Tuur Stuyck has been working with Adobe to create Corel Painter-style real-time oil painting tools that run on tablets – which he says is 'likely to appear in Adobe Sketch'.

Creating highly realistic digital oil paintings in tools such as Corel Painter currently requires powerful computers as they're essentially simulating the physical characteristics of drying liquids and physical implements like brushes. New features such as glazing and texture painting have just arrived in Corel Painter 2017 that are even more complex and powe-hungry – and Adobe and Nvidia are experimenting with more complex 3D oil-painting simulation called Project Wetbrush that requires a powerful graphics card and CPU to work in real time.

But PhD student at KU Leuven Tuur Stuyck has been working on real-time oil painting simulation on an iPad – allowing artists to recreate 3D oil paintings from any location, and using a much-less powerful device.

He's published a video showing how it works and his approach to it. You can watch this below.

Read: The 8 Best iPad apps for artists. Best iPad stylus for artists and designers.

Tuur's project is part of a collaboration with Adobe. It shows how a 3D oil simulator can teach novice painters the fundamentals of art and how experienced painters can use it as a simple and fast experimental tool.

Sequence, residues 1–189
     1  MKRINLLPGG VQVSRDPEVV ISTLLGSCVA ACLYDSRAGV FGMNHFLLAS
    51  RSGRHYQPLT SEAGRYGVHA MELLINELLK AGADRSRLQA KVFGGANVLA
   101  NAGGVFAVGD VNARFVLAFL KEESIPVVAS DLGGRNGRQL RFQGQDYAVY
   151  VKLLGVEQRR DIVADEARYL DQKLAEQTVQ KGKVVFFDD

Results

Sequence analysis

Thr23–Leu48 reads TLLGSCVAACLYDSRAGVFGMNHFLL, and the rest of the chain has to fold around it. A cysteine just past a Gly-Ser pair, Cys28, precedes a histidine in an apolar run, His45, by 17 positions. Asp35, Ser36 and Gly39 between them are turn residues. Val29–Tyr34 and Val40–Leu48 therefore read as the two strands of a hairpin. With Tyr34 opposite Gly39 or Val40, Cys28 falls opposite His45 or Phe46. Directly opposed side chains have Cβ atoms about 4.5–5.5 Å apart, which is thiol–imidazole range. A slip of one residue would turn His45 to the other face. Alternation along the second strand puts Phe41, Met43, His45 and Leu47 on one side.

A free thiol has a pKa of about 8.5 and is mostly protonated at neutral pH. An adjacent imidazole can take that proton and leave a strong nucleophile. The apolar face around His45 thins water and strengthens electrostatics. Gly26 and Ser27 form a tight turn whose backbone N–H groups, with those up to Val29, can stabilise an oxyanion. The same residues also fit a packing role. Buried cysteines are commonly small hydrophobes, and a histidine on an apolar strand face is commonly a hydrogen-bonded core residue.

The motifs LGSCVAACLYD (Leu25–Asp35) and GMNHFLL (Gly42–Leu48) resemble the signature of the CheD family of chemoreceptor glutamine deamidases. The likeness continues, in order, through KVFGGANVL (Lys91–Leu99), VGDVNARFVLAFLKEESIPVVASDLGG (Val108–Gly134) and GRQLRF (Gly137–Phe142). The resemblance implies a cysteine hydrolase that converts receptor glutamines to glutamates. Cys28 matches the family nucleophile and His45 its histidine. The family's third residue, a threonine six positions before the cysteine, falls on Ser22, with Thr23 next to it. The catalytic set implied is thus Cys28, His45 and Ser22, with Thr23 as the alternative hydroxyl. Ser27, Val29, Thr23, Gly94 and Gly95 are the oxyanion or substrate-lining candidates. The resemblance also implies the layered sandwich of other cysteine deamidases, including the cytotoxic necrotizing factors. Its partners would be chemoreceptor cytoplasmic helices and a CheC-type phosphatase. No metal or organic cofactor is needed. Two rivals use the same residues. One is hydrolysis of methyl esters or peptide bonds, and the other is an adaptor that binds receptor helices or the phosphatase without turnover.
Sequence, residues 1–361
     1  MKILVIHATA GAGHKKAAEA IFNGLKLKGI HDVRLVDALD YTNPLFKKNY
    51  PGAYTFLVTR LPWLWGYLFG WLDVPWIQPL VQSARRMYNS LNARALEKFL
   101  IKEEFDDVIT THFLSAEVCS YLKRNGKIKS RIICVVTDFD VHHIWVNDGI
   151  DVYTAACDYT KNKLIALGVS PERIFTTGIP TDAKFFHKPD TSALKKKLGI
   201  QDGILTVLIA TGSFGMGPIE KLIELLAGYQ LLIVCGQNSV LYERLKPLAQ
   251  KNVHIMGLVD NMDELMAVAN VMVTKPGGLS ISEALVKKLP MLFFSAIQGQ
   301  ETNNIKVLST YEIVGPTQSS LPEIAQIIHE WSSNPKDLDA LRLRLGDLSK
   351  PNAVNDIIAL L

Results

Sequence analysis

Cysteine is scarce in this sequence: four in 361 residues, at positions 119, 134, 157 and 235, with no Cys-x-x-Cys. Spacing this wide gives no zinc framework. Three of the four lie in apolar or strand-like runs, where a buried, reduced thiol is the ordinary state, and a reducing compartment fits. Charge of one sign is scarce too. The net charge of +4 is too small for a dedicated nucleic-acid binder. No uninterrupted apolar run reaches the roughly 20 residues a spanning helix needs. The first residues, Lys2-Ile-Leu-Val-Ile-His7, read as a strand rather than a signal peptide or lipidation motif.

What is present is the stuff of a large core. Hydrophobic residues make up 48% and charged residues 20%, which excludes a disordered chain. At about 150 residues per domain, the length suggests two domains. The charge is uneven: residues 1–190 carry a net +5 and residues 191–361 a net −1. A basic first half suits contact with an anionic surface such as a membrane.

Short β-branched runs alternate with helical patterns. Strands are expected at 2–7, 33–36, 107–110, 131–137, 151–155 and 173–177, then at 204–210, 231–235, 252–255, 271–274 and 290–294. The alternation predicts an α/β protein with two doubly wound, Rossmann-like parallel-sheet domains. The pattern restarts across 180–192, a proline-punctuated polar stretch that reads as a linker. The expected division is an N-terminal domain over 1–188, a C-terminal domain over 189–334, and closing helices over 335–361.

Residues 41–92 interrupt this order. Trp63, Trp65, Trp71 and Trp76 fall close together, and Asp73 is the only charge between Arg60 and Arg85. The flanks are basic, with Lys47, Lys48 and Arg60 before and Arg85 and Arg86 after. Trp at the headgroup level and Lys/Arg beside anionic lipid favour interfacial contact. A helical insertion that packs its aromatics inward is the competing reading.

He explains how the combination of multi-layered pigment structure and density, the physical environment and tablet orientation can create highly realistic oil paintings.

Brush strokes can change gravity direction by tilting the mobile device to create realistic shading effects. 

Different layers of paint can be vertically stacked, applied by different brush strokes. Each stroke carrys a unique ID code, and the duration of brush movement can control pigment density.

By tilting the tablet the position of virtual lighting exposes different details on the painting's surface.

The front-facing camera of the tablet is also used to capture a video stream modelling physical ambient lighting. The artist can physically move a light source near the camera to control this.

Tuur specialises in fluid simulation and physically based animation. He’s been working with computer graphics for over eight years from an artistic and technical point of view. He's interned for Pixar Animation Studios and Adobe, and spoke at Siggraph conference in July.